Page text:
The iconic Pink Ladies’ Tractor Road Run in South Norfolk and North Suffolk will set off in style on July 2 as a record number of women take part. Kate Royall is one of those taking part – for the first time
In 2017 I witnessed a sight that stopped me in my tracks. There I was, cycling on the backroads of South Norfolk when out of nowhere a host of women came hurtling towards me on an array of tractors bedecked in pink. It was the vivid and widely loved Pink Ladies Tractor Road Run. I’d heard about it, but I had never seen it in person…it was beautiful, emotional and inspiring all at the same time.
The train of tractors, from vintage machines to new models with full power steering, wound its way on a 20-mile route across the district throughout the day. Tractors were decked out in pink garlands, bras, inflatable flamingos, parasols and so much more.
But what really struck me was the enthusiasm and dedication of the woman involved and I knew that they would all have their own personal stories to tell about their experiences of cancer. I’ve wanted to take part since that first glimpse of the run and this year is the year it will happen.
Many years ago, I interviewed Annie for the Eastern Daily Press. I had an hour assigned and four hours later I left inspired by the force of the woman I’d met and enthused about her event. I could have talked with her for days.
Fast forward a few years and I had moved to a village only a few miles away from Annie. I made contact and offered to volunteer, writing news stories about the run to raise its profile. Since then, Annie has tried her best to persuade me to take part in the run and I’m sure countless other women too!
Each year around 110 women from across the country take part. Many will never have driven a tractor before, but most will have been touched by breast cancer in some way. Some have taken part since the very start and every year a flurry of new participants join the convoy and take to the roads.
It’s not only the women taking part that make the event happen; it’s also down to the people who lend their tractors, the land-owners, the many marshals, the collecting crew and countless others who pull together in an extraordinary team effort.
Once I had decided to take part, the idea of sourcing a tractor seemed monumental, but this is East Anglia and thanks to a superb local farmer I now have a tractor, and although I’ve driven it a few times, I need more training ahead of the big day. Then will come the enormous task of sourcing pink decorations for myself and the tractor.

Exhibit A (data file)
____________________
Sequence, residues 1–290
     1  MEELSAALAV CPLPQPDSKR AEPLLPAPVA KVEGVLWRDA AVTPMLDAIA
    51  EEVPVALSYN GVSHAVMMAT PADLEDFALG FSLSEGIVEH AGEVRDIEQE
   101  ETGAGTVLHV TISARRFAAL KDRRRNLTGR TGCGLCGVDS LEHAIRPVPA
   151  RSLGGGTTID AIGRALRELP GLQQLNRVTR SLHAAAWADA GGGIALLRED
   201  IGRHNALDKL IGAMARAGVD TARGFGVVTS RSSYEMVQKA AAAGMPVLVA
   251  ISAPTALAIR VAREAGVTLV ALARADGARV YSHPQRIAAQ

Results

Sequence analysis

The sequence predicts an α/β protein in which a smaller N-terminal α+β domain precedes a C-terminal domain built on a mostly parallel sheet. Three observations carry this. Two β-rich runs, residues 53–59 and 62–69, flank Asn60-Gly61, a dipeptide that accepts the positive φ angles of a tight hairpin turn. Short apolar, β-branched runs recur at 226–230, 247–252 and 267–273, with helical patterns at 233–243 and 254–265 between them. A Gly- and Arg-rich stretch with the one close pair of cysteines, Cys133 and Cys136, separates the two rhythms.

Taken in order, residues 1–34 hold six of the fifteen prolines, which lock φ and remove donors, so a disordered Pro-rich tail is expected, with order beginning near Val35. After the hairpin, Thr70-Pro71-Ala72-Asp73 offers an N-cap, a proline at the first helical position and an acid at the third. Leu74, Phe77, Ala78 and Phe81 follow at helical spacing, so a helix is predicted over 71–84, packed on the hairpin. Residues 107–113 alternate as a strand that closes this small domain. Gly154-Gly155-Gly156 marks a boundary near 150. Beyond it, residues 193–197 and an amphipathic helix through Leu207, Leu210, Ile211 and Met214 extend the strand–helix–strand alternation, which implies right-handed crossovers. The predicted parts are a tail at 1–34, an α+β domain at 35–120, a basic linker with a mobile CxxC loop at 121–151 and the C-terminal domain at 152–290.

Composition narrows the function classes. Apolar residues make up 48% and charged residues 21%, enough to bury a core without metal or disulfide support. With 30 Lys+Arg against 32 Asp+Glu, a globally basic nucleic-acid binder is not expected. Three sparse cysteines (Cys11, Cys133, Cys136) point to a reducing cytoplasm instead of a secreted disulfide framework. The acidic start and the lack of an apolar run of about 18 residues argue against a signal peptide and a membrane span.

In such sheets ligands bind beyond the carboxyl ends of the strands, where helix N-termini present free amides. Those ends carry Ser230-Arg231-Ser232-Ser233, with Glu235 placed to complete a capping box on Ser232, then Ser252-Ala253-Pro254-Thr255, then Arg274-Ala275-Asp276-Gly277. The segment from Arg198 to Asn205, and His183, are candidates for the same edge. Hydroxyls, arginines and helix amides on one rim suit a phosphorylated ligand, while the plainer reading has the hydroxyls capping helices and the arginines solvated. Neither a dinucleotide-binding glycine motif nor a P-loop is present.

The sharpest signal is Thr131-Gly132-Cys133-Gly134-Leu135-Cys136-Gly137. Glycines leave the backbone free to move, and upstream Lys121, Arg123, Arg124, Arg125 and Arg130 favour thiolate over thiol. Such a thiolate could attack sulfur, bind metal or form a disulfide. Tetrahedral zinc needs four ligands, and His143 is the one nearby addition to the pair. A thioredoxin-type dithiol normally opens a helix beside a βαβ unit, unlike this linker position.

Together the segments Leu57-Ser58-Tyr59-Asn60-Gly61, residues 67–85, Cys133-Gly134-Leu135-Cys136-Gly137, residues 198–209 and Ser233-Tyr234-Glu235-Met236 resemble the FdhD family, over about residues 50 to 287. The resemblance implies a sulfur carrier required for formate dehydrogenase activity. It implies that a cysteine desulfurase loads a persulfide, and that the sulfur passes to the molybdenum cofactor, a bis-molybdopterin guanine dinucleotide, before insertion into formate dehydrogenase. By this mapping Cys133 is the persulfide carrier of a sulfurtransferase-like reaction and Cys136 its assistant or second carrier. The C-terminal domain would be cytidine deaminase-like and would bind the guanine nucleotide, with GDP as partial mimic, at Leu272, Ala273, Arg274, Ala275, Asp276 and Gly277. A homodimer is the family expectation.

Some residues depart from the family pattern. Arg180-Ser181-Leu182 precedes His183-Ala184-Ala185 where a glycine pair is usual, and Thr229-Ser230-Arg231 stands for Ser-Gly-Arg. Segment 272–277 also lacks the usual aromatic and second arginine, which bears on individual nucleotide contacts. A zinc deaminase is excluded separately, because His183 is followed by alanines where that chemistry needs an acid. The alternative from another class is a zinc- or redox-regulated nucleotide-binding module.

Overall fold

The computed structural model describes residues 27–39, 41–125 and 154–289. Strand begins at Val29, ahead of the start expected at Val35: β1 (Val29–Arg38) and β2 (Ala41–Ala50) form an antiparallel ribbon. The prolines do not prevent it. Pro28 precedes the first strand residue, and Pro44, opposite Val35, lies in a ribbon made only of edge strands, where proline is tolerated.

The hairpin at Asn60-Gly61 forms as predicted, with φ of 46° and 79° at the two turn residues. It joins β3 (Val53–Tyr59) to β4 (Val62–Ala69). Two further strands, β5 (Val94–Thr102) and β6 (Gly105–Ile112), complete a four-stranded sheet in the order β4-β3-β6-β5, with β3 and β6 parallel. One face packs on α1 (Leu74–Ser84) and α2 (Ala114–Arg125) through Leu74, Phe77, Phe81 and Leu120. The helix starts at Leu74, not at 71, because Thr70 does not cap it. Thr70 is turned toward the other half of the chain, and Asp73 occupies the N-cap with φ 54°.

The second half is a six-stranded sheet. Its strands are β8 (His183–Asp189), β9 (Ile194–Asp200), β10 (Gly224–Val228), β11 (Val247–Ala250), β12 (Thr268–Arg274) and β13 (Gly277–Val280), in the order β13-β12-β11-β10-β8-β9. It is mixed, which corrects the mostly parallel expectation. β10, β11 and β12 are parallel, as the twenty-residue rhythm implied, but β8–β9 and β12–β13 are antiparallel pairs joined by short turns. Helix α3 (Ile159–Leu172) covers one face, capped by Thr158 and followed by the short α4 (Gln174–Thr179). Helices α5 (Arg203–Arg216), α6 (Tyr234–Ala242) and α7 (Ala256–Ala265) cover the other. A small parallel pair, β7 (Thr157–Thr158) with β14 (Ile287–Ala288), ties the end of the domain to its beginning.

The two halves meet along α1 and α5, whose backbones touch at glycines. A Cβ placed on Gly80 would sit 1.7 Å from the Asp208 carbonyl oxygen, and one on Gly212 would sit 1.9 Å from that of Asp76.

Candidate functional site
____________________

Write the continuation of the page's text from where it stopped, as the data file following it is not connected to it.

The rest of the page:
As a spectator for many years, I have witnessed the crowd-lined routes. I’ve met the ladies, their friends and families at the picnic lunch which punctuates the route. I’ve heard their inspiring and heart-breaking stories. I’ve seen people along the route dressed in head-to-toe pink, cheering, clapping and crying in support – in towns, villages, laybys and gardens. I’ve seen the houses and businesses bedecked in pink bunting, banners and flags. I’ve witnessed it all first-hand but being part of the run and driving through the waves of support will be something else entirely.
The run does so much more than raise vital funds, it creates a support network for so many, it brings light and laughter to people at times when there may be little, it raises awareness and just maybe, it makes women check their breasts for anything out of the ordinary.
It certainly did make me check mine. Because of the run I do make those regular checks. I remember one year cycling home from the run to write about it and as I sat at my computer, I checked my breasts and found a lump. It was terrifying but thankfully turned out to be a fatty cyst.
I will be taking part in the run, thinking about the strength of the hundreds of participants that have taken part over the years and my treasured Aunty Betty who died of breast cancer.
But I will be doing it with a huge smile on my face, hoping not to hold the convoy up or stall the tractor!
The 2023 Pink Ladies Tractor Road Run takes place on Sunday July 2. With the event racing towards a fundraising total of £1m, 195 women swathed in pink will take to their tractors to mark the 20th anniversary of this iconic event. To date, the event has raised £896,000 in aid of Cancer Research UK’s breast cancer appeal and this year the Pink Ladies hope to raise the £104,000 needed to reach £1m. For more information visit Pink Ladies Tractor Road Run. Follow Kate’s journey, Diary of a Country Girl (@a_countrylife) on Instagram. To donate, visit Kate’s first Pink Ladies Tractor Road Run! (cancerresearchuk.org)
Featured image of Kate Royall, by Al Coutts